REVIEW: Killzone: Shadow Fall (PS4)

This is an archived article and the information in the article may be outdated. Please look at the time stamp on the story to see when it was last updated.
  • Sony PlayStation 4 / Rated M / $59.99 / released November 2013
  • FINAL: You should TRY this game. 3 out of 5 stars

Sony prepared some literal big guns for the launch of the PlayStation 4 with “Killzone: Shadow Fall,” the sixth game in PlayStation’s go-to sci-fi shooter franchise. As an early PS4 title – and a console exclusive – you would expect “Shadow Fall” to demonstrate the potential of the new device. The game certainly looks fantastic, but it offers little else new beyond that surface flash.

If you’ve never played a “Killzone” game before, the single-player campaign will set you up nicely. In reparation for years of brutal war, the Vektans (usually presented as “good” humans) have given half of their planet to the displaced Helghast (they wear scary masks and have British accents, so they’re coded as the “bad” humans). Both sides hate each other, so the reasons for this ludicrous diplomatic outreach are probably too stupid for the game to detail. The end result is a new escalation of conflict between the two peoples, to no one’s surprise. As a soldier literally adopted by the Vektan war machine, you are thrown into the battle where you see both halves of the coin. The Vektans aren’t as sympathetic as you thought, and the Helghast perhaps not as evil.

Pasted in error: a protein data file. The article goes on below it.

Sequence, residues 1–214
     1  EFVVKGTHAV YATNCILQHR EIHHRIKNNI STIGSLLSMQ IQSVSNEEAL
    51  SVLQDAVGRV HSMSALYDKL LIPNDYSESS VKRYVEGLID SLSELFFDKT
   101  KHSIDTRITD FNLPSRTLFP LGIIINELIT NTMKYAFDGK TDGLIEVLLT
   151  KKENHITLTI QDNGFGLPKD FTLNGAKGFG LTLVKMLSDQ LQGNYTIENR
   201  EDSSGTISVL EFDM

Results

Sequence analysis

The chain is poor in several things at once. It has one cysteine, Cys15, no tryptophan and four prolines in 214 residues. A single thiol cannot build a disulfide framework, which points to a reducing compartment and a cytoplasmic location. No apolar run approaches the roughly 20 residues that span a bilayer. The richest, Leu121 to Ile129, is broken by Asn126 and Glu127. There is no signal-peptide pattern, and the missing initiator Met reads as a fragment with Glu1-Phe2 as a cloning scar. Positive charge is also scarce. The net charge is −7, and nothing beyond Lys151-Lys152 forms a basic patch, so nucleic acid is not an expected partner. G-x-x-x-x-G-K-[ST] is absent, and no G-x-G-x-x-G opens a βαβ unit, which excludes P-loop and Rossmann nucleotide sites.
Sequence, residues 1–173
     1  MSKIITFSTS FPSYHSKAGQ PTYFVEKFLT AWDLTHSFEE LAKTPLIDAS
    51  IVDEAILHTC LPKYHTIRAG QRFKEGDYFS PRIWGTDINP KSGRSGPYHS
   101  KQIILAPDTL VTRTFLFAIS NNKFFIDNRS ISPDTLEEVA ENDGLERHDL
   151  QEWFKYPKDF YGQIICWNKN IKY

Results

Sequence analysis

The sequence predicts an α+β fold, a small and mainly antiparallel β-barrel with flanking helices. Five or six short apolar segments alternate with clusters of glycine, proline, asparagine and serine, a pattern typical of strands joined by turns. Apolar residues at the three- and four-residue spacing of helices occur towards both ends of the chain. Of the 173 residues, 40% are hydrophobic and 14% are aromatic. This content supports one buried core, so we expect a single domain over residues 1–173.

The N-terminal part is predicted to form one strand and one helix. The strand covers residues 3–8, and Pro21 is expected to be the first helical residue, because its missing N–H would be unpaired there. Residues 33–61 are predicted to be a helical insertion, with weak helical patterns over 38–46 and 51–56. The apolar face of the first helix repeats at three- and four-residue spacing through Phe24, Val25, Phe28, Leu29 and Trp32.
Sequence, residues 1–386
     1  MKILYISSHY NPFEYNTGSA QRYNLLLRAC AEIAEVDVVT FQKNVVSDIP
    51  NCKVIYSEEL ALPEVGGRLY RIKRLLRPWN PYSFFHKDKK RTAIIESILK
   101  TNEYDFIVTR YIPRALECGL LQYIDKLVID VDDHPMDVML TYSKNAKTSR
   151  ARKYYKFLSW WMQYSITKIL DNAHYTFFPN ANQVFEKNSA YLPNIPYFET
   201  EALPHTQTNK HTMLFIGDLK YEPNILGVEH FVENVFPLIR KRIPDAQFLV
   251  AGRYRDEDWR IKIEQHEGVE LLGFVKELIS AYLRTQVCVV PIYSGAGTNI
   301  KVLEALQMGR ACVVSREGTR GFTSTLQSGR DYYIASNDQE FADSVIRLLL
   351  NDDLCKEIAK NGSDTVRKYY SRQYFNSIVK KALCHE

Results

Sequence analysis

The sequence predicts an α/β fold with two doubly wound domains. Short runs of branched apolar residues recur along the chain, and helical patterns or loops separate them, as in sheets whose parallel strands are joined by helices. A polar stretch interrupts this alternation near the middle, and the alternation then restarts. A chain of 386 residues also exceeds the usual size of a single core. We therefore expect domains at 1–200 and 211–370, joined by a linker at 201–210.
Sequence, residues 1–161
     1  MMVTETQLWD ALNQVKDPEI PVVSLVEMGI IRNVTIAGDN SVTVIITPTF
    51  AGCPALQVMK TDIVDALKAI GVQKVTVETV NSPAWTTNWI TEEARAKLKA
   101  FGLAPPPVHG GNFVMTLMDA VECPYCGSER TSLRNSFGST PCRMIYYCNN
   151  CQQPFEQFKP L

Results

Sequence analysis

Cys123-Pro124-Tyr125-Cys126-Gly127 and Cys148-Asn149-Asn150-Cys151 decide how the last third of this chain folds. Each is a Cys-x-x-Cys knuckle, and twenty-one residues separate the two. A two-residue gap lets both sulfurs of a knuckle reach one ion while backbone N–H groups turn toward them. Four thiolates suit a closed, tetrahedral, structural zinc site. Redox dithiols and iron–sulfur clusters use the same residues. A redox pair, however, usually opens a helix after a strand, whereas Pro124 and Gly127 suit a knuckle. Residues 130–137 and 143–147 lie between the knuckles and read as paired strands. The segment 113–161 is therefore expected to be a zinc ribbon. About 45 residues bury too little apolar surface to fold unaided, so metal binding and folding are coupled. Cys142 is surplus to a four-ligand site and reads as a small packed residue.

The most interesting development is the impersonal robot drone that accompanies you throughout the missions. The drone can attack enemies, hack computer consoles or just act as a distraction while you sneak around to flank a knot of soldiers. It says something about the plot that the bit you will remember most is essentially a flying machine gun.

The story jumps from action movie bombast to quiet “we need to find a better way” cliches, but it is entertaining enough when viewed as a scenery slideshow for the PlayStation 4’s power. You will explore abandoned spaceships, grimy Helghan slums, and fluorescent shopping malls of the privileged Vektans. With multiple difficulty options, any gamer should have a reasonably fun time shooting through the rubber-stamped storyline. A flying squirrel suit sequence near the end almost ruins the entire single-player experience, but you’ll manage.

Of course, it’s the online multiplayer that will keep you coming back to “Shadow Fall.” While it rarely disappoints, it also rarely amazes. The bullet points of modern shooters are all hit: plenty of game modes, lots of maps/weapons, and a complicated system of challenges and unlocks. Aside from some fun special abilities which are earned over time, “Shadow Fall” simply does not do much new. You shoot, you score.

In other words, while this is not the game that should make you run out and buy a brand new PlayStation 4, if you already have a PS4, you can pick this up and be readily welcomed into the eye-popping world of the latest in first-person shooters.

“Killzone: Shadow Fall” is a Sony PlayStation 4 exclusive release. This review is based on product supplied by the publisher. Image courtesy Sony Computer Entertainment America.

1 Comment

Comments are closed.